The entire plan then rested on the five sharpshooters surrounding the tarmac. But to call them sharpshooters is an overstatement. The men had no formal sniper training, three of them were regular Munich police officers. The only reason these five men were chosen was because they shot competitively on weekends in their spare time. None of them were issued night-vision goggles or even told where the helicopters would be landing. As a result, they were stuck in bad positions and were literally firing shots in the dark.

They were also outnumbered and didn’t even know it. As the men took their positions, they were told there were only five terrorists, when in reality there were eight getting off the choppers. The choppers landed at 10:35 p.m. and six of the Arabs emerged. The shooters opened fire, quickly taking out three of them. But the other three ducked beneath and behind the helicopters, from where they shot out as many of the airport lights as they could. That flurry of gunfire gave way to an eerie stalemate of more than an hour, during which neither side got off more than a few shots.

The German forces had sent six armored personnel carriers to the airport to help with the operation, but they had gotten caught in traffic on the way there. The carriers finally arrived just after midnight. Upon seeing the arrival of the APC’s, the terrorists emerged from their hiding places and turned their weapons on the hostages, who were still strapped into the helicopters. Eight of the nine athletes were killed immediately, with the final one, American-born weightlifter David Berger, eventually succumbing to smoke inhalation inside the one of the burned-out helicopters. The APC’s continued their assault, killing two more of the terrorists. Three of them were captured alive.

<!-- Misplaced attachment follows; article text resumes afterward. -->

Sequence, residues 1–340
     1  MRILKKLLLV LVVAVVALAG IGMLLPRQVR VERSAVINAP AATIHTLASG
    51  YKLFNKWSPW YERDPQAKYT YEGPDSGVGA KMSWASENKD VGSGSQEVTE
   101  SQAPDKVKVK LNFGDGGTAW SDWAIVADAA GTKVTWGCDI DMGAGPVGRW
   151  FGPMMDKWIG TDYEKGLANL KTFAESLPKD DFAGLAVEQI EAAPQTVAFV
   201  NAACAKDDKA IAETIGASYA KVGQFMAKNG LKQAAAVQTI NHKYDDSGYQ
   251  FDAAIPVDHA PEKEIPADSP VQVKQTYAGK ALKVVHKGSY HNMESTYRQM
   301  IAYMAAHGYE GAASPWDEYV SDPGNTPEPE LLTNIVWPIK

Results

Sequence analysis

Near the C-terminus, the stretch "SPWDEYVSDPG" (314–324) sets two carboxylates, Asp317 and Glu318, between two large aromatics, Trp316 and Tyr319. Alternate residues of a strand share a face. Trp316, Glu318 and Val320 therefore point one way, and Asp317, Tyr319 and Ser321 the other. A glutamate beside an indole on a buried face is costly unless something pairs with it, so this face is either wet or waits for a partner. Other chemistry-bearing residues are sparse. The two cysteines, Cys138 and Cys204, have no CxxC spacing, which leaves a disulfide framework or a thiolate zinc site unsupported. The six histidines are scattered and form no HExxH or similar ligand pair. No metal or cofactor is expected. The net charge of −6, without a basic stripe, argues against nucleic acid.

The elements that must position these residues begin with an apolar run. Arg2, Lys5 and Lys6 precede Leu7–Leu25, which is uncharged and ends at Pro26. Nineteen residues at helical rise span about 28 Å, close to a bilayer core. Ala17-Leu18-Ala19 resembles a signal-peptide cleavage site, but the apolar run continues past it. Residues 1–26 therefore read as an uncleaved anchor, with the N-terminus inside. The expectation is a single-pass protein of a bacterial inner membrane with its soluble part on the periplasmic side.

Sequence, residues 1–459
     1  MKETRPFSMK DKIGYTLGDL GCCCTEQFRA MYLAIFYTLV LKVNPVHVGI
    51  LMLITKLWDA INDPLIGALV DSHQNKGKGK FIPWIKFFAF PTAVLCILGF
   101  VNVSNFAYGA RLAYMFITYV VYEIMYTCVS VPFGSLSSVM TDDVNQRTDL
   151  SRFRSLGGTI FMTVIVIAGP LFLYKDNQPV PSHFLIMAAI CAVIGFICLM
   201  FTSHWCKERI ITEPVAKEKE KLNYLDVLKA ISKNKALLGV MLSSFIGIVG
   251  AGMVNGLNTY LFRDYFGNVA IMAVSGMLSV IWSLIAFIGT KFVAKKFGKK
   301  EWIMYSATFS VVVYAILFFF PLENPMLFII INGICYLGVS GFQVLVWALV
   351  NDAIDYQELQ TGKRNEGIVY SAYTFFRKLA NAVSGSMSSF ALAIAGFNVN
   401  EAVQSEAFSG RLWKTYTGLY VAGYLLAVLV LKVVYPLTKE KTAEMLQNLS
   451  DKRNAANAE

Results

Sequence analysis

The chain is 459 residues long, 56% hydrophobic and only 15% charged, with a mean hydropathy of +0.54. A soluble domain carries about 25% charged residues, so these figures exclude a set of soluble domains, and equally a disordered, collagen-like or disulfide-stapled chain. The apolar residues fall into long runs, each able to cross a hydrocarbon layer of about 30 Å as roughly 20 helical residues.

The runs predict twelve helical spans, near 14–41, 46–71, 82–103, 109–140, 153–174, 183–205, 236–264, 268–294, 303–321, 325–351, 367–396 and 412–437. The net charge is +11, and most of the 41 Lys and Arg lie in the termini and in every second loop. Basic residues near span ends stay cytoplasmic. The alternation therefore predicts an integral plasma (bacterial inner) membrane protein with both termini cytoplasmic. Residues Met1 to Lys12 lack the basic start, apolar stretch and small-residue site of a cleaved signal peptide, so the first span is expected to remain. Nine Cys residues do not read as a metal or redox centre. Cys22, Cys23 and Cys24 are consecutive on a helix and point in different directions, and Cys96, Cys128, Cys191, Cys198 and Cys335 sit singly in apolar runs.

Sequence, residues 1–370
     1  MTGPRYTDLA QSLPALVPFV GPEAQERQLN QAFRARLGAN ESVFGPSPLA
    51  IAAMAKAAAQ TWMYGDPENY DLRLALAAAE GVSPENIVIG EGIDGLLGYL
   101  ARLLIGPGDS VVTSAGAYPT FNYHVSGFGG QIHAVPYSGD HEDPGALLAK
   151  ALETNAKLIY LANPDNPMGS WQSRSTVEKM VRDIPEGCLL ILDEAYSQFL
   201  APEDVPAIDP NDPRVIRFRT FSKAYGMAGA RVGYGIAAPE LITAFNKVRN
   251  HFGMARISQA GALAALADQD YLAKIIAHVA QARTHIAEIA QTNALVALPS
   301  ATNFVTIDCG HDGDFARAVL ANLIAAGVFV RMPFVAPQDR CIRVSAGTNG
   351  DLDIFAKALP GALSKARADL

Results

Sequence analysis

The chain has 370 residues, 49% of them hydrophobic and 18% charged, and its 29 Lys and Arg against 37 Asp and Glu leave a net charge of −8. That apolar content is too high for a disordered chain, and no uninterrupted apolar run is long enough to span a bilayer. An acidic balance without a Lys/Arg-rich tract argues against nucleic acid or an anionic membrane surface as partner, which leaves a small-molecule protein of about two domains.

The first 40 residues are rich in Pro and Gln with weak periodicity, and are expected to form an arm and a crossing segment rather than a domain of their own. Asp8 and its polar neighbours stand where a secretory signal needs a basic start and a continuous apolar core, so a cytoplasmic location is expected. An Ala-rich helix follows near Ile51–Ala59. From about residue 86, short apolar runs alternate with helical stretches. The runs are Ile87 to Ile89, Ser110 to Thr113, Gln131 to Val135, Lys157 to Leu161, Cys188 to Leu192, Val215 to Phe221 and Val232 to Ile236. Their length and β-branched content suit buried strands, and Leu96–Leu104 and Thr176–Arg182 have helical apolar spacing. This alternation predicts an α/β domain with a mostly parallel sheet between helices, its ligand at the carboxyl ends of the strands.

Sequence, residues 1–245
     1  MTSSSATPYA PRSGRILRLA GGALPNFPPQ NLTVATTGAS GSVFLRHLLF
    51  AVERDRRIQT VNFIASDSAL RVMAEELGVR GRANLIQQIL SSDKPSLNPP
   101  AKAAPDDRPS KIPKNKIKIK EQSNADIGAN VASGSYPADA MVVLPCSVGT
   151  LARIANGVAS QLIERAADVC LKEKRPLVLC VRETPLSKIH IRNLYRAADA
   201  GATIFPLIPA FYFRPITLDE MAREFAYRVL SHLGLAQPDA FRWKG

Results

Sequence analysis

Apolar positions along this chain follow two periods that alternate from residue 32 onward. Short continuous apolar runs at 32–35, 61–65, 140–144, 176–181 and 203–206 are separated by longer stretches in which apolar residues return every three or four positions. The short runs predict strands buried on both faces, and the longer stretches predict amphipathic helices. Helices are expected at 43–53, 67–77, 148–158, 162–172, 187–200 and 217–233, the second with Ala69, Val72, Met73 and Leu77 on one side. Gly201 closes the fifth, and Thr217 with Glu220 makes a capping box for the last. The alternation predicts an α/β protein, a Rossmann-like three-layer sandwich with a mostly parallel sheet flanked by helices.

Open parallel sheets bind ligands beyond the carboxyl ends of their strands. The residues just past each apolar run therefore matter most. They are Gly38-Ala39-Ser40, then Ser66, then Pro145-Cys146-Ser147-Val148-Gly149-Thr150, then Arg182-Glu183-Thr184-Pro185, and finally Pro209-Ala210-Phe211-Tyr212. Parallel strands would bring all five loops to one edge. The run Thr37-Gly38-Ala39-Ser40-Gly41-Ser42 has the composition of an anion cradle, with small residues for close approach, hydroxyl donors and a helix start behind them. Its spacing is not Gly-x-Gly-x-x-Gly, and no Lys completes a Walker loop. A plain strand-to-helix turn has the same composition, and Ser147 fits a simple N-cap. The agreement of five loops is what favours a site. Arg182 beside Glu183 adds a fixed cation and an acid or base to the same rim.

The Reaction

The Games were halted and a memorial service was held on the next day on September 6th, but it was decided that the Olympics must continue and the events were started up again the day after that. On October 29, 1972, Germany released the three remaining terrorists in reaction to the hijacking of a Lufthansa jet by other members of the Black September organization. It was obvious that this release had been pre-planned between the two sides as a way for the Germans to get the captured terrorists off their hands without angering Israel. Golda Meir gave free reign to the Mossad to hunt down and kill anyone involved in the planning and execution of the attack on the 1972 Games. Over the next six years, more than twenty Palestinians would be killed for their supposed connections. Three of the assassinations would be carried out by future Israeli Prime Minister Ehud Barak while dressed in drag and carrying grenades in his brassiere.